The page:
Click on the thumbnail image or title for that match to see the first of 93 page images in the file (shown above). You have to browse the images to find your search term, and you can download each image. In this file, blue tags indicate that other researchers have tagged pages with names from the records, so those names turn up in catalog searches. Other users also have transcribed the records in this file. Click on a blue tag to view a split screen with the image on top and a transcription below. On the third page, the Names column lists Isaac Corie, a “stout man” of 27 years, and Hagar Corie, age 22, a “wench [with a] small child 18 mos. old.” In the possession of Col. Gilbert, they were on the Spencer bound for St. Johns.
Search the catalog for offline records. Most items described in the catalog haven’t been digitized. My relative John H. Pennington was involved in international trade, so I suspected he dealt with the federal government. I searched on his name as a phrase, using OR to cover several variations in one search: “John Hudson Pennington” OR “John H. Pennington” OR “J.H. Pennington,” as well as “Pennington, John Hudson” OR “Pennington, John H.” OR “Pennington, J.H.”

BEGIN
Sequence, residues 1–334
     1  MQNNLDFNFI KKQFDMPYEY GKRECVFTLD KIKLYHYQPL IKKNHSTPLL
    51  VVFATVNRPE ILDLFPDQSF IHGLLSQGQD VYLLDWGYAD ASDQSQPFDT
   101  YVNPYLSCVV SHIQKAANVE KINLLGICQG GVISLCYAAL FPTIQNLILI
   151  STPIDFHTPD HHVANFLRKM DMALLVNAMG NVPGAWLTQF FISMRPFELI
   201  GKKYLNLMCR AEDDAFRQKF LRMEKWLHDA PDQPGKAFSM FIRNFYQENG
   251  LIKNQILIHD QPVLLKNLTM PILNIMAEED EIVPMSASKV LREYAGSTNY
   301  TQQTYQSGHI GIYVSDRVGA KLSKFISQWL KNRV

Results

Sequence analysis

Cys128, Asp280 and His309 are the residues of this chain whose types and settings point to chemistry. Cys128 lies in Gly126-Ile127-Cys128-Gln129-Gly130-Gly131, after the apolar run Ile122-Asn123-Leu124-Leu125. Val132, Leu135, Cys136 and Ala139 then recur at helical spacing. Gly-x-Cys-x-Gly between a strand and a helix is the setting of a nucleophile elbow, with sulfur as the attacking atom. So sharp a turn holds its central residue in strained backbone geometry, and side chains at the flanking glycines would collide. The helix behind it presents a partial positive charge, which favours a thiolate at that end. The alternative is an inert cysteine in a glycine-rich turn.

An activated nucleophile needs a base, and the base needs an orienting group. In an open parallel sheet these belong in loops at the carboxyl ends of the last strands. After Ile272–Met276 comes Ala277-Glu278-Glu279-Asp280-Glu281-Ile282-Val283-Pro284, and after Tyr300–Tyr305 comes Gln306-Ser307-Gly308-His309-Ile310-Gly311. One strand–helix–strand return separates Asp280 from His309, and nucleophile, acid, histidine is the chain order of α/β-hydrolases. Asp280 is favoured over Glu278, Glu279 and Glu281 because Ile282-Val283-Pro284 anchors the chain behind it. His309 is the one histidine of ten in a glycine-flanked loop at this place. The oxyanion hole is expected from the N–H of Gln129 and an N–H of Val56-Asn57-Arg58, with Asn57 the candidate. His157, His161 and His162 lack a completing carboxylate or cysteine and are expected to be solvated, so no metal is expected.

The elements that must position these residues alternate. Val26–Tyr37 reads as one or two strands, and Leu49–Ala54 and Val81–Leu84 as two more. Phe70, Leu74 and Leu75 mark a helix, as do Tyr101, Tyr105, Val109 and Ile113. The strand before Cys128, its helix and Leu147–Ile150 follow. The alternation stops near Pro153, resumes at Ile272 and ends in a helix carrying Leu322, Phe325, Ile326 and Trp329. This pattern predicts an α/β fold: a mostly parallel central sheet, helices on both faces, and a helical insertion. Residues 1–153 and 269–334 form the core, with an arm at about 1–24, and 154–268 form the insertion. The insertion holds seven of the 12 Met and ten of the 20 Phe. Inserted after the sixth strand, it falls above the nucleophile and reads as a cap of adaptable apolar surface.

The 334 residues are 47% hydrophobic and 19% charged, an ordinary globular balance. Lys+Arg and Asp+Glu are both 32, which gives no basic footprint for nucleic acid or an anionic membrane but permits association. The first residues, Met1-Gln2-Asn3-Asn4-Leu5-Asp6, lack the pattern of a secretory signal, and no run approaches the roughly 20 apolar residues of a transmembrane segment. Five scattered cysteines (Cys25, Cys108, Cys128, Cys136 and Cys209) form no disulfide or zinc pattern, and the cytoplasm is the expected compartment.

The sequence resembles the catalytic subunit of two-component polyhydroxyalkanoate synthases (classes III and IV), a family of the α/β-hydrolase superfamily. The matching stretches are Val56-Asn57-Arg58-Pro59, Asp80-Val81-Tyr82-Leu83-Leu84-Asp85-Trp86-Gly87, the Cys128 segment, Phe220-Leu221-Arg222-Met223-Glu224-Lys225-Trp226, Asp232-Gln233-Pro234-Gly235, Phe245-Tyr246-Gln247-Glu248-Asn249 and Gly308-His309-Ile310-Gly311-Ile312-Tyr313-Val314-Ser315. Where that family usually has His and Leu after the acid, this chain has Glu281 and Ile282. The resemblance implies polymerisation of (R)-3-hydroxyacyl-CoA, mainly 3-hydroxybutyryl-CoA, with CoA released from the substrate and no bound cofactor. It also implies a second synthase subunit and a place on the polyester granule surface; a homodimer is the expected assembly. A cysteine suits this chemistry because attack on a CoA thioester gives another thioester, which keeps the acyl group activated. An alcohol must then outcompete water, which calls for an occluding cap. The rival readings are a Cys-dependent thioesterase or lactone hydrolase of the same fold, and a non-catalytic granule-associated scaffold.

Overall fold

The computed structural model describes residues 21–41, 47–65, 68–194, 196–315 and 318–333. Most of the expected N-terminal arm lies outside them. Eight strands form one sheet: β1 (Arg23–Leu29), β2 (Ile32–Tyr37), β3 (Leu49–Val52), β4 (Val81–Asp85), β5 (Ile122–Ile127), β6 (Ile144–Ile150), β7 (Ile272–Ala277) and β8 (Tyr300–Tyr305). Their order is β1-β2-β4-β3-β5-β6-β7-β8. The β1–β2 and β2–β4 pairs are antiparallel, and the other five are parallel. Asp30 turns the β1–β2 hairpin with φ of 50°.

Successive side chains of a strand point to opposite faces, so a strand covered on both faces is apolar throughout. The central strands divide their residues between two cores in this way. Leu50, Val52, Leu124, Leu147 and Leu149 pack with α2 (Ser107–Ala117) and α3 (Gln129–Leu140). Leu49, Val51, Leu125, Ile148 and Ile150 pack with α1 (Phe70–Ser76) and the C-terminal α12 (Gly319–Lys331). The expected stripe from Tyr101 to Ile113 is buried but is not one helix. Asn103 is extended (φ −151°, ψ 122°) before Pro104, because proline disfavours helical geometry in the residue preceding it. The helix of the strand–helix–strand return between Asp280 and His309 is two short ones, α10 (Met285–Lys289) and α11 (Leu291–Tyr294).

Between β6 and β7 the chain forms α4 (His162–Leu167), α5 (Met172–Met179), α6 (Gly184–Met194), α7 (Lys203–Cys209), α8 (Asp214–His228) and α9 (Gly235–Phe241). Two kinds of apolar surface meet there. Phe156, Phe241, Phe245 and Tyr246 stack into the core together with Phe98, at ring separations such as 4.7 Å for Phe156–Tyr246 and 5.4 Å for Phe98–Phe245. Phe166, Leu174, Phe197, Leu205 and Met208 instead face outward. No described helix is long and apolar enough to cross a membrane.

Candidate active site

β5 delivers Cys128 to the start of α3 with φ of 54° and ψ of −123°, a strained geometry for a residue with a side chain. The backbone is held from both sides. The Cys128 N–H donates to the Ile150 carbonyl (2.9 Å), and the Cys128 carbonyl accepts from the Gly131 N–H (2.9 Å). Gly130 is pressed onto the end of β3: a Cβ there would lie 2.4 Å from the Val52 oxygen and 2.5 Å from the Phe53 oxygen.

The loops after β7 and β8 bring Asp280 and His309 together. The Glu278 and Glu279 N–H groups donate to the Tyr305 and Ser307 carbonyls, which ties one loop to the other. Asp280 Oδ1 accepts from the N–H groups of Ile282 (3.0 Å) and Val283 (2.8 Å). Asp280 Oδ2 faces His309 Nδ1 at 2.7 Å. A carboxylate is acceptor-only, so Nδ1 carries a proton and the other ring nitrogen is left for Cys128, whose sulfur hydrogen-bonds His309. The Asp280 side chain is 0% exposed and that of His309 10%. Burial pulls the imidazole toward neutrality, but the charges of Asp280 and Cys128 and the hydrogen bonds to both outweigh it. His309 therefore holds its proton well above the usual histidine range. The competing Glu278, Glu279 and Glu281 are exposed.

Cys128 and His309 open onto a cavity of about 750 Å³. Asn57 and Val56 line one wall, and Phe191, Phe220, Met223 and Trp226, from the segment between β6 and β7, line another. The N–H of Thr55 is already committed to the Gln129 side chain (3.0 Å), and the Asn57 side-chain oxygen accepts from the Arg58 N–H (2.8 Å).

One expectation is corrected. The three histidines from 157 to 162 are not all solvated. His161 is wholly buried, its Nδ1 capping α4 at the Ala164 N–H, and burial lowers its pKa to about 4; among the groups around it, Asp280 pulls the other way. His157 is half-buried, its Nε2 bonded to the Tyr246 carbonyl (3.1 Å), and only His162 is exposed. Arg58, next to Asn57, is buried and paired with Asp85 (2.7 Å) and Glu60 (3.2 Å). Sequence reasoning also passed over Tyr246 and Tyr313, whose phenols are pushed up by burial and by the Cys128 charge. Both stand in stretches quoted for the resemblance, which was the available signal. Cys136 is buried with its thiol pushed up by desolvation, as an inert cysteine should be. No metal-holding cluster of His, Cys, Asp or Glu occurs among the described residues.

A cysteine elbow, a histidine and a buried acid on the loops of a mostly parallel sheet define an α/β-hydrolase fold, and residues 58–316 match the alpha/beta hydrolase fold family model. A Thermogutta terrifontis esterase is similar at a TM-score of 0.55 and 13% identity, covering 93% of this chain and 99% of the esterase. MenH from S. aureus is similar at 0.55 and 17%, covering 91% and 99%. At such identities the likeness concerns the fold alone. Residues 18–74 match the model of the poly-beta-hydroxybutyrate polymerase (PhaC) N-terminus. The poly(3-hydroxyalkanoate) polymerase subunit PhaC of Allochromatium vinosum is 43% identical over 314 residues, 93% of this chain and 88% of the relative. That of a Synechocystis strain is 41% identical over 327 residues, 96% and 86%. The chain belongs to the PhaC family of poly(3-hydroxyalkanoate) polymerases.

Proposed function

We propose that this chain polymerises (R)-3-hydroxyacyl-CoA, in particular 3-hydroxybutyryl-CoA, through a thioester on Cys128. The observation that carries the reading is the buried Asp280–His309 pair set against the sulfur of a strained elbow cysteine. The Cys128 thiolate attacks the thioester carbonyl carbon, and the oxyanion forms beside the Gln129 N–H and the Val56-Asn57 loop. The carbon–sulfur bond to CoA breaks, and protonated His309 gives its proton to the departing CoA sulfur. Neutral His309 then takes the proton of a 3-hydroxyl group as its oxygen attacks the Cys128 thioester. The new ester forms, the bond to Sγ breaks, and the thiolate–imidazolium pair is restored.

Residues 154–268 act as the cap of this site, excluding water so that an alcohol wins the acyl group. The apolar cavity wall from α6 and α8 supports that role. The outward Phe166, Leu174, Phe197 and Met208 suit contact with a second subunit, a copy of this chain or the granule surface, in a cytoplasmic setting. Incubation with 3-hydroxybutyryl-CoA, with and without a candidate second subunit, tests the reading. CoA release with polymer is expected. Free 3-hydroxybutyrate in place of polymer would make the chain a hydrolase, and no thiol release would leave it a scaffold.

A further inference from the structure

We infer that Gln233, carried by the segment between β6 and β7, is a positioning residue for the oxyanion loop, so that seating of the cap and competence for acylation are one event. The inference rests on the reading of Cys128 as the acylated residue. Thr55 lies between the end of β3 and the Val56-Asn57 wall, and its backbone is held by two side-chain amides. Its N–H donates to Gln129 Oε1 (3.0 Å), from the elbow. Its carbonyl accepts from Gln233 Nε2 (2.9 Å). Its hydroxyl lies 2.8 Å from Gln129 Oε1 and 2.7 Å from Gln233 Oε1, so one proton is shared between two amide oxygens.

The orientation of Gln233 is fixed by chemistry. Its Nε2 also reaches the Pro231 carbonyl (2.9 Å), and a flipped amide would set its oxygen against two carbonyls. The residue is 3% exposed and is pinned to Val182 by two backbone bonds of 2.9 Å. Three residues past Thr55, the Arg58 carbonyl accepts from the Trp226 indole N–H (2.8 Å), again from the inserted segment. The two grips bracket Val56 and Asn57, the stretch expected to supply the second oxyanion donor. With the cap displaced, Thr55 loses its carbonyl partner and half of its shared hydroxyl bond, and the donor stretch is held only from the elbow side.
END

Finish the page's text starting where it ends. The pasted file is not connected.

I got a match for “Pennington, J.H.” in a State Department record. The description advises contacting NARA for copies. I emailed the catalog reference and my contact information and asked how to get a copy of the record. Within three weeks, I received photocopies of the nine-page file. It has Pennington’s application to be the US representative at the Central American Expo in 1897, along with recommendations from a senator and other luminaries. I didn’t even have to pay a fee.
See the online Guide for Genealogists and Family Historians for suggested search terms. To focus your search on the most relevant records, include a term such as a city, county or state, and refine the search by date.